FBR’s newest initiative, FBR Real Pet Stories™, showcases some of our favorite pets and their health stories. Yes – animal research benefits animals, too. Featured pets include a rescue dog named Cleo diagnosed with CVD, a kitty named Echo that was saved twice thanks to animal research, and a dog named Big Jack that survived renal dysplasia. All three participated in FBR’s inaugural “Love Animals? Support Animal Research” photo contest, and here is another story.

“Let’s go take a look at that cat,” my husband says to me. My reaction … skepticism.

Don’t get me wrong, my husband is an avid animal lover, but he usually needs a little more persuading before adding another “kid” to our furry family. But on this day, looking through our local want ads, Gizmoto was destined to become part of our lives.In recognition of American Heart Month, Gizmoto’s story is a great example of comparative medicine.

When we brought Gizmoto home, he was skinny and filthy. Anyone who knows hairless breeds understands they need routine bathing, and he needed it! One of our most endearing memories was the day we brought Gizmoto home. This little 4-month-old kitty was moved to a new house and given a good meal and tolerated a bath (that’s an understatement). Even though he only knew us for 6 hours, he crawled into our bed, flopped on his side and slept all night like he had known us forever. It was love at first sight.

Continued research on hypertrophic cardiomyopathy not only holds promise for helping countless people but also improving the quality of life for many animals.But, not just for us. Widget, our 2-year-old Sphynx, loved his “little brother” from day one. They were inseparable and the best of friends.

One day, at the age of 6, Gizmoto was breathing a little hard. We scheduled an appointment with our veterinarian where he was diagnosed with asthma. He was treated with steroids, and we monitored his condition at home. The following day, Gizmoto was not responding to the steroids, so I called our veterinarian. She recommended I bring him to our local emergency/specialty clinic. After his evaluation, the emergency veterinarian came in and told me, “Your cat is in heart failure.”

Because HCM in cats is very similar to HCM in humans, Gizmoto’s medications and treatment plans were comparable to what humans would also receive, and that is all because of biomedical research.I was shocked. And I knew my husband would be devastated. Gizmoto was his “Baby Moto;” he loved that little cat.

Gizmoto was admitted to the ICU and administered supplemental oxygen, intravenous furosemide and topical nitroglycerin. The first 24 hours were critical, but he pulled through. The following day he received a complete cardiac workup including a cardiopulmonary exam, electrocardiogram and echocardiogram. After a diagnosis of advanced hypertrophic cardiomyopathy (HCM), Gizmoto was able to come home with four different medications (furosemide, pimobendan, clopidogrel and potassium gluconate) and a list of low sodium foods.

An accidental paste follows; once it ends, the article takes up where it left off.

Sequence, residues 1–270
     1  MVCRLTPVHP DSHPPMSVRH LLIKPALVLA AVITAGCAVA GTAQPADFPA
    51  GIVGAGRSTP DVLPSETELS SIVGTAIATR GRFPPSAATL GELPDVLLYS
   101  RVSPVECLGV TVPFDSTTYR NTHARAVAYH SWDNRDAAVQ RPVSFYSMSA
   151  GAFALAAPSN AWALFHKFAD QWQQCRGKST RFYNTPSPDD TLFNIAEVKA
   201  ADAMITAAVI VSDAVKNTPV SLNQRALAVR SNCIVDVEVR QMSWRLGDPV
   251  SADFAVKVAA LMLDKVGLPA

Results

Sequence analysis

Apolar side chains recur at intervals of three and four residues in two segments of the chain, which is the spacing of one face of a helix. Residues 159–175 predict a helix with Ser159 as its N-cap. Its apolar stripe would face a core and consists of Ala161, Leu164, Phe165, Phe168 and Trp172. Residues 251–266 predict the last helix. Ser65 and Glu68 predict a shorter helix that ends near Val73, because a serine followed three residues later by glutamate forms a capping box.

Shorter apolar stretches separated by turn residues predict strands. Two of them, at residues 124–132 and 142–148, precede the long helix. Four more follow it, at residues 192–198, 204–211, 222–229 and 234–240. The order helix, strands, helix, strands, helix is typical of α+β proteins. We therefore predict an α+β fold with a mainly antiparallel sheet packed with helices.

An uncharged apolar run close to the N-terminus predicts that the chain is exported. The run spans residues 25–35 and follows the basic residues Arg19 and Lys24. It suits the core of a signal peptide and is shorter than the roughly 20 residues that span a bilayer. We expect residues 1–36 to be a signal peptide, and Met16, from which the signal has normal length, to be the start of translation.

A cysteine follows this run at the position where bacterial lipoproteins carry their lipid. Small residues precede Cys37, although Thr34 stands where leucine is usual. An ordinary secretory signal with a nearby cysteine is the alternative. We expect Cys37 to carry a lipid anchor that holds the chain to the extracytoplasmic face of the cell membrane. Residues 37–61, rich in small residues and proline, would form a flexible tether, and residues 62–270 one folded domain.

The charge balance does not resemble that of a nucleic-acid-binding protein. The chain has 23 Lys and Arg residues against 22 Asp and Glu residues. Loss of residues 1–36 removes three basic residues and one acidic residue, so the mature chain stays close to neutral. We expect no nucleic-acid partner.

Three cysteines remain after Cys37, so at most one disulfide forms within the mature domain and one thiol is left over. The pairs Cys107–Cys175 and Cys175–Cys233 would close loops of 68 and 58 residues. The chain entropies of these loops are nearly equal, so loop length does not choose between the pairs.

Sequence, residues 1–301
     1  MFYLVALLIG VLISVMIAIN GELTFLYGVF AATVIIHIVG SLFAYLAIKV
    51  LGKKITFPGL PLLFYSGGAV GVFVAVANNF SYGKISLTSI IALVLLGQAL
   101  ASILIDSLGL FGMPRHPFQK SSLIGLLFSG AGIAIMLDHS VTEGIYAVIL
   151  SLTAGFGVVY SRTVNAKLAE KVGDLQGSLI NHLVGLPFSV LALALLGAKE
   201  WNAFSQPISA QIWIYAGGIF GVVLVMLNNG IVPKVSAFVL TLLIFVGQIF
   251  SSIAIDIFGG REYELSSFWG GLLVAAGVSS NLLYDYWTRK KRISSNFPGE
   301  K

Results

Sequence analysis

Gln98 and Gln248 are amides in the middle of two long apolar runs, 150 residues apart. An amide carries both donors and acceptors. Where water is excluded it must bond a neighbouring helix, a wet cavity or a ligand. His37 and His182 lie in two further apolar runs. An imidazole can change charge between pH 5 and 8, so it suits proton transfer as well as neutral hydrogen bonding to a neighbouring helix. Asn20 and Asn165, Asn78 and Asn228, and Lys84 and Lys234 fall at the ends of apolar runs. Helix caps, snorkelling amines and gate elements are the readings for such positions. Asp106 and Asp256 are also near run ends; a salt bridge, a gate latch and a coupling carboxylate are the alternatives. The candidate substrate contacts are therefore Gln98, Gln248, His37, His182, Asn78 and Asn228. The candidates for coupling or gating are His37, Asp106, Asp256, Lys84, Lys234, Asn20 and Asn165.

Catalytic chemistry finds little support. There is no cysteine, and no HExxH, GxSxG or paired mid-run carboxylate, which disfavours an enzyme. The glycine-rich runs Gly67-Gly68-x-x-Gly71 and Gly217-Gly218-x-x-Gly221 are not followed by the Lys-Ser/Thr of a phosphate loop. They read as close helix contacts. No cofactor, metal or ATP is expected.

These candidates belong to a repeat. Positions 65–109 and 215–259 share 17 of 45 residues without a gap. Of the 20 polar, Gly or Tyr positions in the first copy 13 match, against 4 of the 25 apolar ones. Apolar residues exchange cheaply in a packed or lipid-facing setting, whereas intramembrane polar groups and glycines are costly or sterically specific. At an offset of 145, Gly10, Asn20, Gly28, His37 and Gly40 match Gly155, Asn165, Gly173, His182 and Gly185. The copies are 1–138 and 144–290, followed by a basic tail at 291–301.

Being a licensed veterinary technician, I felt pretty adept being able to manage this and optimistic for a realistic lifespan of only another six-18 months given his guarded prognosis. We had our strict daily routine of meds and diet. After relapsing and another trip to the ER, his medications were adjusted, and he was also prescribed benazepril.

FBR’s newest initiative, FBR Real Pet Stories, showcases some of our favorite pets and their health story

Sadly, Gizmoto lost his courageous battle with HCM in October 2019, three months after his initial diagnosis. We certainly had some ups and downs, but Gizmoto was happy and home. Our short time together was priceless.

Widget, a 2-year-old Sphynx, loved his “little brother” from day one.Our experience with Gizmoto prompted us to explore proactive ways to monitor Widget’s (now 9) cardiac health. We talked to our veterinarian about adding the proBNP test to his annual exam. ProBNT is a blood test, also used in humans, to assist in the diagnosis of heart failure. This test will allow us to be more informed about his future heart health.

In recognition of American Heart Month, Gizmoto’s story is a great example of comparative medicine. Comparative medicine studies diseases that occur in both humans and animals and looks for factors that are similar and different. Studies like these can help researchers find novel ways to diagnose, prevent and treat disease in all species.

Because HCM in cats is very similar to HCM in humans, Gizmoto’s medications and treatment plans were comparable to what humans would also receive, and that is all because of biomedical research. Continued research on hypertrophic cardiomyopathy not only holds promise for helping countless people but also for improving the quality of life of many animals.

E P I L O G U E

Animal research has enabled humans and animals alike to live happier, healthier lives. Do you have a story to tell? Work with one of FBR’s digital specialists to share it with the world. Contact staff at info@fbresearch.org.

You can also help beloved animals live longer and happier by making a donation to FBR. With a generous gift from you, we can increase public understanding and support for humane animal research.

Amy E. Sanderson is an IACUC coordinator at Taconic Biosciences. She provided the photos of Gizmoto and Widget.

Are you a cat person or a dog person? Sponsor a pet story of your choice. Remember: donations to FBR are tax deductible. Set yourself up for success under President Biden’s proposed tax increase and invest in FBR’s future today.
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